According to what is rapidly becoming a reigning orthodoxy, a person’s sex is entirely a matter of his or her subjective feeling. Children at a tender age are thus being encouraged to reject their biological sex, and therapists and physicians have enabled young people to undergo extensive treatments and surgeries to “transition” from one sex to the other. In When Harry Became Sally, Ryan T. Anderson takes a critical look both at the effects of these medical and psychological interventions and at the ideology that underlies them. Rachel Lu writes in her review:
The child who gleefully exchanged her bunny slippers for soccer cleats might end up as a weirdly androgynous, baby-faced twenty-year-old, scarred by surgery and sterile for life. These aren’t the after-effects of some terrible, unexpected accident. They are predictable consequences of elective procedures that are now being performed on minors, on the advice of licensed medical professionals. This is what happens when subjective experience is crowned king (or queen). . . . Surely it is better, whenever possible, to help a suffering child in a way that doesn’t open the way to invasive medical procedures and likely lifelong sterility. . . .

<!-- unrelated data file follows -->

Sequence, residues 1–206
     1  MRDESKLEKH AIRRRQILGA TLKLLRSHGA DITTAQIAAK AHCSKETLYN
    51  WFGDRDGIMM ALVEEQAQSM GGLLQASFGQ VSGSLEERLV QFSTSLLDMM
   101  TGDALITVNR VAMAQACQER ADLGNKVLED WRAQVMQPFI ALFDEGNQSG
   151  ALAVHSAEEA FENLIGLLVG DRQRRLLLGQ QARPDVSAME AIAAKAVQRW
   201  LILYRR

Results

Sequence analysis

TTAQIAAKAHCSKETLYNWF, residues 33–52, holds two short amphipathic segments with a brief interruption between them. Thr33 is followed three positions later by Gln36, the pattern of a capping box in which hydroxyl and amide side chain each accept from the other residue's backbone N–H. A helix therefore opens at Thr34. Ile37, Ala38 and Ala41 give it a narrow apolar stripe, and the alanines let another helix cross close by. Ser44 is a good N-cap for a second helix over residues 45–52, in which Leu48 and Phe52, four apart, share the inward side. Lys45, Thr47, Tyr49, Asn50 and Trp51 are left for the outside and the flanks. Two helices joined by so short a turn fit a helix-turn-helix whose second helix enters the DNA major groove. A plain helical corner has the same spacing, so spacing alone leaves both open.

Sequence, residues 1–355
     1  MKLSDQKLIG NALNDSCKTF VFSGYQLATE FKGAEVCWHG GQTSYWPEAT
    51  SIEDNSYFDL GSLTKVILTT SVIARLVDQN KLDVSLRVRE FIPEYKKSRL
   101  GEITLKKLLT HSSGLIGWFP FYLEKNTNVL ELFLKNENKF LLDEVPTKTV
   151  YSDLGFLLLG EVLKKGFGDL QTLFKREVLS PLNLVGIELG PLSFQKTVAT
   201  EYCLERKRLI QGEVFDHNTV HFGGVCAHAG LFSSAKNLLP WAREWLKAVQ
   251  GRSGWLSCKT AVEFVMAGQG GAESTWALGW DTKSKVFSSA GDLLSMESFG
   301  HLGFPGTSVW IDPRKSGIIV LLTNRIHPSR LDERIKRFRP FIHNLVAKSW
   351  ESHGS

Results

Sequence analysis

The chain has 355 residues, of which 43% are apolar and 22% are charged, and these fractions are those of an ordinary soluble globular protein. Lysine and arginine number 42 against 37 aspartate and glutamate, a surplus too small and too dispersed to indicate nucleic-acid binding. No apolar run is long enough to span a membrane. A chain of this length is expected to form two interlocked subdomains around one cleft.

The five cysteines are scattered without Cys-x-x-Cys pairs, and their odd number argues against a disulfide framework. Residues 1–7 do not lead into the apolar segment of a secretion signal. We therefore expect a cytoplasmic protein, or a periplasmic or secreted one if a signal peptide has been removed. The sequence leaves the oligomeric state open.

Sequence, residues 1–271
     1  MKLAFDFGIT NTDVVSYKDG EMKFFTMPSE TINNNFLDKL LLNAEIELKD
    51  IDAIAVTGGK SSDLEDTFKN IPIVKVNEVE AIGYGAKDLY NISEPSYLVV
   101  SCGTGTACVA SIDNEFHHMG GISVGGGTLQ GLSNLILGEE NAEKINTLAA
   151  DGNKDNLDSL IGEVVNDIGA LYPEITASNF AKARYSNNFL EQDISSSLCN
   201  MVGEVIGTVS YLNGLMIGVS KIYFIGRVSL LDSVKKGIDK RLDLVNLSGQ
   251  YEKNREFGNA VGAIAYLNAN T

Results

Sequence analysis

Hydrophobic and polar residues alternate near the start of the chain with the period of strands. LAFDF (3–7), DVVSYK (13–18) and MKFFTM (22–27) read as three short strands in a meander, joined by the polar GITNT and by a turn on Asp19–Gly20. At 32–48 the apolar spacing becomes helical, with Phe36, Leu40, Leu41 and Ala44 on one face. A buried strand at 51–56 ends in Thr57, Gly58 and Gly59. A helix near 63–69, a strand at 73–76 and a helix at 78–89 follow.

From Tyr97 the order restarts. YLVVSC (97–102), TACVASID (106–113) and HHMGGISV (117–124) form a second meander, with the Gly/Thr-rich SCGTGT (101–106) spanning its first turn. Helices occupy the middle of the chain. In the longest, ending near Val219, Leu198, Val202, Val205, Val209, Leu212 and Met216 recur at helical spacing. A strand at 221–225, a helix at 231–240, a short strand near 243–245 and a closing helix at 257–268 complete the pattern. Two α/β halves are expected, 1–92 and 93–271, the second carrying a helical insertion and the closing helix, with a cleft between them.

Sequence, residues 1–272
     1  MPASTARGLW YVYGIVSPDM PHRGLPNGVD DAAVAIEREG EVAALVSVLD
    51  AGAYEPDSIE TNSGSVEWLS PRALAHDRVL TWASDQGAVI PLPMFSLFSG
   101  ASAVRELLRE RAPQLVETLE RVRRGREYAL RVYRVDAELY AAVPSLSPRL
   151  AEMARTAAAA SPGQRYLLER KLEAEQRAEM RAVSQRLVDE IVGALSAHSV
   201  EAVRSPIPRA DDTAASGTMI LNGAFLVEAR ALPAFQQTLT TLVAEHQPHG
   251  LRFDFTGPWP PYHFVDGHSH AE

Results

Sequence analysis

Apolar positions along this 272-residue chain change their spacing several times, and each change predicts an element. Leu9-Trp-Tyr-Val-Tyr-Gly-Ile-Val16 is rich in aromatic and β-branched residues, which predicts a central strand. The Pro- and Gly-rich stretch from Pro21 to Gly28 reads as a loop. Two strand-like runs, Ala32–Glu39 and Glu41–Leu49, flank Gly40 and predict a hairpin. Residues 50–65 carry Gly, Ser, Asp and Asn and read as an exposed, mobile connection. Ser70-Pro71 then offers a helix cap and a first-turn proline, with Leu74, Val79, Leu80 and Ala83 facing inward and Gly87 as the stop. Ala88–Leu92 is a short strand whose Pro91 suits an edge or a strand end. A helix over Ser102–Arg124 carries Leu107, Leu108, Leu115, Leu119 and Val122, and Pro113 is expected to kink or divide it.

In the book’s most heartbreaking segment, we hear the stories of several people who learned this truth for themselves, in the hardest possible way. These “detransitioners” were once advised by their therapists to identify as transsexuals and undergo recommended treatments. It didn’t help. In time, they discerned for themselves that they were not trapped in the wrong bodies: the dysphoria stemmed from other underlying issues that therapists had overlooked. Those issues remained unresolved. Meanwhile, some felt that the effort to change sexes had only deepened the alienation they were already feeling with respect to their physical bodies. . . . When efforts to uncover the authentic self lead to such gross distortions of reality, it should be obvious that something has gone awry.
That looks a lot like medical malpractice. So why was it permitted to happen? One reason, undoubtedly, is that the transgender cause dovetails so nicely with the agenda of the hard left. Under the Obama administration, activists pressed the transgender cause with all the grace and sensitivity of the mob at Pamplona. Clearly, this is about much more to them than just the social comfort of a fraction of a percent of the population. Transgenderism represents an opportunity to make an ambitious sortie in the ongoing battle against nature. . . .
Culture wars are not the whole story, however. Many activists and practitioners do sincerely believe they are doing something good in championing the cause of . . . people with dysphoria. So should we all. Is it really surprising that this malady would arise in a society that is deeply conflicted about the meaning of sex and sexuality? In an uncanny way, the transgender revolution itself testifies to the enduring significance of manhood and womanhood as meaningful and identity-forming concepts. Sex roles are a source of perpetual controversy, but almost no one favors bland androgyny as a solution.